Approaches that emphasize prediction frequently improve understanding, but this is not necessarily true either. Statistically, understanding can come at the cost of predictive ability. Further, a predictive model may provide accurate predictions, but do so using collinear or synthetic variables that are hard to interpret. For example, a macroecological relationship between temperature and diversity may effectively predict diversity in a new habitat, and yet do little on its own to identify specific mechanisms. Prediction does not require interpretability or explanatory ability, as is clear from papers such as "Model-free forecasting outperforms the correct mechanistic model for simulated and experimental data". So it's worth being wary of the idea that a predictive model is necessarily 'better'.

With this difference between prediction and understanding in mind, it is perhaps easier to understand why ecologists have lagged in prediction. For a long time, statistical approaches used in ecology were biased toward those meant to improve understanding, such as regression models, where parameters estimate the strength and direction of a relationship. This is partially responsible for our obsession with p-values and R^2 terms. What Houlahan et al. do a great job of emphasizing is that by ignoring prediction as a goal, researchers are often limiting their ability confirm their understanding. Predictions that are derived from explanatory models Some approaches in ecology have already moved naturally towards emphasizing prediction, especially SDMs/ecological niche models. They recognized that it was not enough to describe species-environment relationships; testing predictions allowed them to determine how universal and mechanistic these relationships actually were. A number of macroecological models fit nicely with predictive statistical approaches, and could adopt Houlahan’s suggestions quite readily (e.g. reporting measures of predictive ability and testing models on withheld data). But for some approaches, the search for mechanism is so deeply integrated into how they approach science that it will take longer and be more difficult (but not impossible)*. Even for these areas, prediction is a worthy goal, just not necessarily an easy one.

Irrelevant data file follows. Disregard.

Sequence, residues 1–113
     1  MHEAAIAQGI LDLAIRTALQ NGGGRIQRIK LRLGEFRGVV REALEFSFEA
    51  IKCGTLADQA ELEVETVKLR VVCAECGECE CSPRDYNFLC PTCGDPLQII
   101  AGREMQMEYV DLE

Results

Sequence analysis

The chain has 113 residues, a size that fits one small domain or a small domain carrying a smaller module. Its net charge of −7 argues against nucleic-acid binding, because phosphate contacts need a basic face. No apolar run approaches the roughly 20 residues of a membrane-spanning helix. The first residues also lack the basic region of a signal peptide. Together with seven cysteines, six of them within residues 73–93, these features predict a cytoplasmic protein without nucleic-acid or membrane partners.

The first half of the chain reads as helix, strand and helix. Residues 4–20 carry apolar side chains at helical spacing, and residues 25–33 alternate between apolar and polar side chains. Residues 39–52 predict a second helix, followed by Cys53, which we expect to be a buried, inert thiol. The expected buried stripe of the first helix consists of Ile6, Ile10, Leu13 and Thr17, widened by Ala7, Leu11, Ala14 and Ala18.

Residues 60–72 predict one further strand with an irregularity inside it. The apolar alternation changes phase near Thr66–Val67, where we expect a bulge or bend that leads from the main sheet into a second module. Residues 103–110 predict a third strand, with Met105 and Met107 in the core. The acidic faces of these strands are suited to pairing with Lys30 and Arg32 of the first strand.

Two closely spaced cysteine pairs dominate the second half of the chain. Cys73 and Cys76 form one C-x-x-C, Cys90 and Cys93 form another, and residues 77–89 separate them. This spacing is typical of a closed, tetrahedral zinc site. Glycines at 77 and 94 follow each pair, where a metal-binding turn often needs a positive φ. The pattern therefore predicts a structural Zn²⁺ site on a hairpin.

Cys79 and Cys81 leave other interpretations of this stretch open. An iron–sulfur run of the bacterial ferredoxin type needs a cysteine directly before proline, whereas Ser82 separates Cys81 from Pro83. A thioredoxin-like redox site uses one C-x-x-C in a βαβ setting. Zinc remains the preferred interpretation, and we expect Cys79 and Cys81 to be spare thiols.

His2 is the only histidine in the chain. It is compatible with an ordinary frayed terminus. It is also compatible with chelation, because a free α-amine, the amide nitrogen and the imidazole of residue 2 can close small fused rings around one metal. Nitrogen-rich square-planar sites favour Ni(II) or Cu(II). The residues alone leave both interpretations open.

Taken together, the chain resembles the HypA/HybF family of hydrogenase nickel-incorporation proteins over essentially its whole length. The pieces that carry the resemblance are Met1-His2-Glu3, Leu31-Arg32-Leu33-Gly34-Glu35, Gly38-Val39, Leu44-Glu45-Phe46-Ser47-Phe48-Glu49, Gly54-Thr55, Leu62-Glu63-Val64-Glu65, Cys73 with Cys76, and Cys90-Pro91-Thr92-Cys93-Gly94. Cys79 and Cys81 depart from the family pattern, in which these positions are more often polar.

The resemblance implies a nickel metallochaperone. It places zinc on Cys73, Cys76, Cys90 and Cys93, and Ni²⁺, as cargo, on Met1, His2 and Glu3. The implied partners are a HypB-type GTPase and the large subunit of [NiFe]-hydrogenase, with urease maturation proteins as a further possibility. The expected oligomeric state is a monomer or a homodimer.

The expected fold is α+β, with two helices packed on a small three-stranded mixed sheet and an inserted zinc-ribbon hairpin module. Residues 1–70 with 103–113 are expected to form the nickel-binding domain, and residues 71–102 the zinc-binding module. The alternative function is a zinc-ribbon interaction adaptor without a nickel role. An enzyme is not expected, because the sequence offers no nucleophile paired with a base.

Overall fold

*I was asked for examples of 'unpredictable' areas of ecology. This may be pessimistic, but I think that something like accurately predicting the composition (both species' abundance and identity) of diverse communities at small spatial scales might always be difficult, especially given the temporal dynamics. But I could be wrong! 

...if the Simpsons could predict Trump, I suppose there's hope for ecologists too...
**This has been edited to correctly spell the author's name.


Jeff Houlahan said...

Hi Caroline, just responding to your post about prediction and understanding. You make a couple of points that I think are absolutely true and important to emphasize. First, that there are models that make good predictions but add little to our understanding. The example of collinearity is a good one but another is the use of deep learning approaches for modeling - this is going to allow for models that make very good predictions but that will be very difficult/impossible for us to interpret. We end up in a situation where the model understands the world very well but we don't understand the model. Here, prediction may be valuable without contributing much to understanding. Second, that prediction and understanding are not the same thing - causal links for models that make good predictions are going to have to be demonstrated (with controlled experiments, structural equation modeling a la Judea Pearl, or from first principles) for us to be confident we understand the world.

But, a key point that often goes underemphasized is that, though prediction and understanding may be different, the only way to demonstrate understanding is through prediction. The statement “We can still gain understanding if predictions are impossible…” is one that I am convinced isn’t true. If you can’t show me that your model captures how the world works through its predictive ability (and I don’t know any other way that you could show that you have captured how the world works) then why would I believe your claim over any other claim that comes without empirical evidence? That doesn’t mean scientists can’t develop theoretical models that may not be able to be tested until sometime in the future – but we shouldn’t make the mistake of believing those models have increased our understanding of how the world works. We’ll only be able to assess that when we can test their predictions against observations. The inability to demonstrate understanding is, in my opinion, the same as not having it.